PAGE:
This must be the day that all of my dreams come true
So happy just to be alive
Underneath that sky of blue
On this new morning
On this new morning with you
It is that morning, the one that comes in the middle of winter but has the first tiny promise of spring in it. The quality of the light is different, the angle of the sun has changed, and though it's cold and the snowiest months are still ahead, spring will come.
When I began this blog and first introduced the term Slow Cloth, Sharon B asked me if I had a manifesto or definition for Slow Cloth. What follows is my working definition -- a basis for this concept.
You can have a Slow Cloth sensibility as an individual artist or artisan or as a commercial producer; it's about your approach. And it bears repeating that slow is not meant to be literal -- it's not about how long it takes to finish or whether you're stitching by hand or machine. There are companies that I think have a Slow Cloth approach to manufacturing clothing or textiles in commercial quantity, as well as many individuals.
With those caveats, Slow Cloth:
- Has the possibility of joy in the process. I often hear people say that they think they "should" learn to knit or sew, because they think they will save money (right) or that it's somehow virtuous. That's nonsense. Everybody should know how to sew on a button or mend a seam, but when it comes to doing more, if you don't love the process, there isn't much point. In other words, it's the journey, not the destination. If efficiency and sameness are the primary goals, it's not Slow Cloth.
- Offers the possibility of contemplation in the process. Not every moment of making is a serene mystical precious experience. But the totality of your work opens space for you. Like the old saw, you may not be able to define it but you know it when you see it or feel it.
- Involves skill and has the possibility of mastery. Rather than choosing easy or instant-gratification methods, you're aiming for an ever-expanding level of fluency and grace in the techniques you work with.
- Acknowledges the rich diversity and multicultural history of textile art. Textiles are an expression of culture and we live in a fantastically big and small world. Slow Cloth celebrates that diversity rather than eliminating it.
- Honors its teachers and lineage. Most of us began to learn our skills with cloth from an ancestor or friend, and there are many generations before us who used their inventiveness and creativity to expand possibilities in the world of cloth. Thank them, and pay it forward.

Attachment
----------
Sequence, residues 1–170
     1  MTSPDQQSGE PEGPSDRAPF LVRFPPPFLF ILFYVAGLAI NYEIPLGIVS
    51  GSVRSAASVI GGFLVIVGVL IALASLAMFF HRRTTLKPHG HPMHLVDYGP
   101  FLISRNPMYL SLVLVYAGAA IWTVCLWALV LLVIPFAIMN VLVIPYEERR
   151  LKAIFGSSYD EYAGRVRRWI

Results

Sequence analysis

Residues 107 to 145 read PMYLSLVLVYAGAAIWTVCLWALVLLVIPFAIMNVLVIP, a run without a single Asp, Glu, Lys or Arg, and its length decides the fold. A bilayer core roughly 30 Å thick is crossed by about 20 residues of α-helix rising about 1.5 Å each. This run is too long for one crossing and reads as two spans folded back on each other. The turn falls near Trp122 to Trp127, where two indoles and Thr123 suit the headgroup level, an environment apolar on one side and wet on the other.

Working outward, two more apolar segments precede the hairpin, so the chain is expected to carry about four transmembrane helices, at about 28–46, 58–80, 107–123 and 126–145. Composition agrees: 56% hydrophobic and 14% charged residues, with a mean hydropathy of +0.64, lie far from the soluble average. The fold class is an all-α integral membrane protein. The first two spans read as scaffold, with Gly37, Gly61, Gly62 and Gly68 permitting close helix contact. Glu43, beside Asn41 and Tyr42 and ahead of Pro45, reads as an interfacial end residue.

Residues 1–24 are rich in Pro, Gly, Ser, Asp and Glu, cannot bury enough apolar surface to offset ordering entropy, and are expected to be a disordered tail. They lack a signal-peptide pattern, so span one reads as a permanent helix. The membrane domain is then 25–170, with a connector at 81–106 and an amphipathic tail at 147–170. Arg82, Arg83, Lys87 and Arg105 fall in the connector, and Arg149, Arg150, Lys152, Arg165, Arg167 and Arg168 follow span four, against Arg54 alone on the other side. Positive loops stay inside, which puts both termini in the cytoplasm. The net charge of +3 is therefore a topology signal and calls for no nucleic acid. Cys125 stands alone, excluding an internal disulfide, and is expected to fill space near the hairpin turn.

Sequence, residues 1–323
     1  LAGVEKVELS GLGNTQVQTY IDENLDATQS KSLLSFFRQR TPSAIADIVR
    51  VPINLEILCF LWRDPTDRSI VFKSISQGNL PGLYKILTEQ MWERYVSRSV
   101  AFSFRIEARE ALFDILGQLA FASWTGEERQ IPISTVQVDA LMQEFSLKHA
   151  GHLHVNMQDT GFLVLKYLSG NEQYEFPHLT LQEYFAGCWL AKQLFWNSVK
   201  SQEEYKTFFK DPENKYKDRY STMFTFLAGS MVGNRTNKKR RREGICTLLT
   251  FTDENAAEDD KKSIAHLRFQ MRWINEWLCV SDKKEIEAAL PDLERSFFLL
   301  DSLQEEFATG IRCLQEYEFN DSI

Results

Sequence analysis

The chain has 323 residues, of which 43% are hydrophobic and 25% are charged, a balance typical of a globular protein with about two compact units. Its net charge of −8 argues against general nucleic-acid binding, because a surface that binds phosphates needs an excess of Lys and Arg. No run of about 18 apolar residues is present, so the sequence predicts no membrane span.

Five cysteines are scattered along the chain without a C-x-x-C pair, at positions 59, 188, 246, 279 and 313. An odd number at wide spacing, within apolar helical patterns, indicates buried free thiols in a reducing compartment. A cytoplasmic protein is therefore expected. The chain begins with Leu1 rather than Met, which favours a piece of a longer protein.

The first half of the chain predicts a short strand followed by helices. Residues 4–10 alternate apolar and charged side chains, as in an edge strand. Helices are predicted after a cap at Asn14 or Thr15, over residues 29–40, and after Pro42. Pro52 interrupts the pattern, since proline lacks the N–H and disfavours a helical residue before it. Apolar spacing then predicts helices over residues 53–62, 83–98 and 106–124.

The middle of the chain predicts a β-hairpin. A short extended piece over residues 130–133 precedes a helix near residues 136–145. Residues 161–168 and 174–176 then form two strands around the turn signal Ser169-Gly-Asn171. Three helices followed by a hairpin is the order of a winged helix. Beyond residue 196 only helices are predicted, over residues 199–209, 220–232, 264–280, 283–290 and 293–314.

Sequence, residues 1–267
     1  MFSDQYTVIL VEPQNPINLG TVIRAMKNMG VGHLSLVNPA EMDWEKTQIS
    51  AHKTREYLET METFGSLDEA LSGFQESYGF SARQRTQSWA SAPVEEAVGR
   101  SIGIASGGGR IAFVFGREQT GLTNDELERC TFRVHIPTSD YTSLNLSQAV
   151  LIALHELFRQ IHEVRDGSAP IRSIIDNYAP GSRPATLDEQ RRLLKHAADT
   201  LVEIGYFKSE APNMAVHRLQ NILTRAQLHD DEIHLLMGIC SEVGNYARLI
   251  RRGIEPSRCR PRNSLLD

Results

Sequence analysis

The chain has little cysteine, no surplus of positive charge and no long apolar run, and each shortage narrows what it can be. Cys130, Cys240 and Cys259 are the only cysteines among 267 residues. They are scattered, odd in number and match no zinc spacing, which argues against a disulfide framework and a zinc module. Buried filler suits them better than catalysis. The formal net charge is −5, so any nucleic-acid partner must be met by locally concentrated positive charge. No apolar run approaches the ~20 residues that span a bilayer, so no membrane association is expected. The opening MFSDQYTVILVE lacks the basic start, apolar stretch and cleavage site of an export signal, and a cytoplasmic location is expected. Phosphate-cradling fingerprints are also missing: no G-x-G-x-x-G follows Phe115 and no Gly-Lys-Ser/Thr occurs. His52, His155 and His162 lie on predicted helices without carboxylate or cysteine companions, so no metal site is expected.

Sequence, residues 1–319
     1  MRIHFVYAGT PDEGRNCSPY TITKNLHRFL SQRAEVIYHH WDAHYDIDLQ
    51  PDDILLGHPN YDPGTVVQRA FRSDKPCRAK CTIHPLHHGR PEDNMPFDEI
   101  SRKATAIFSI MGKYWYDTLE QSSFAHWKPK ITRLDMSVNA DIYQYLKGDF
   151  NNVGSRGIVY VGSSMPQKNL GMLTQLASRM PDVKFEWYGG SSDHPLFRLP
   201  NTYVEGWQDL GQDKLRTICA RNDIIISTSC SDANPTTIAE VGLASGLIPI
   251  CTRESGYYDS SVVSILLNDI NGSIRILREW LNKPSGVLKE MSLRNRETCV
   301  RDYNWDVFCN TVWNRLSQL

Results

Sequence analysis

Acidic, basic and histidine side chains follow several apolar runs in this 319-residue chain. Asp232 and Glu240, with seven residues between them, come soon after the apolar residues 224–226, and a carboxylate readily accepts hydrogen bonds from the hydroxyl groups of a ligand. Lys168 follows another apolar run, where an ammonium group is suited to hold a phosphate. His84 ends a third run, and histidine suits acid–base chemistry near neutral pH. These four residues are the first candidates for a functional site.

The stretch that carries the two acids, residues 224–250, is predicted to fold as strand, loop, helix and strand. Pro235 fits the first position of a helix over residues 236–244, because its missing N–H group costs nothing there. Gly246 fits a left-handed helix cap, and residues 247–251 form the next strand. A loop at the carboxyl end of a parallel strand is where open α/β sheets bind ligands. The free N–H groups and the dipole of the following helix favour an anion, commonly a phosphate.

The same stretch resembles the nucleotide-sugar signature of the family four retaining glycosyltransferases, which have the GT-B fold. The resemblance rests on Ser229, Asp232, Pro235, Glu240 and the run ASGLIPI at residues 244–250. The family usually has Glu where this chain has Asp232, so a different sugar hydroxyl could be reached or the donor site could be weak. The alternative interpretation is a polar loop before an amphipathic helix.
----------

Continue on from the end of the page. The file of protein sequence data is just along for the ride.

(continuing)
- Is thoughtful in its use of materials and respects their source. Take a moment to remember that it takes a lot of people to make your fabric or yarn or dye. I don't think Slow Cloth has to be only natural materials -- some of my favorite artists, like Mary Ruth Smith, work with some synthetics -- but be mindful of your footprint and choose well and appropriately.
- Honors quality. We want to make things that last and are well-made.
- Honors beauty. Beauty is a whole complicated subject all its own. I think that we all have a need for beauty, and that's driven the urge to make and decorate textiles for tens of thousands of years.
- Supports community. A Slow Cloth company respects all of its labor force; individual art and artists acknowledge their relationship to other textile artists. I think part of this is being willing to share knowledge, preserve knowledge about traditional techniques, and teach others.
- Is expressive of individuals or cultures. Remember the old saying in art circles, "Anonymous was a woman"? Well, you could also say anonymous was a quilter or a batik artist in Indonesia. Throughout history, textiles and crafts have been mostly unsigned. Today we can do it differently if we want to; but either way, the human creative force is reflected and evident in the work.
*This post has been edited. I introduced the term Slow Cloth on this blog last year, and this is my original definition of it. This material is copyrighted.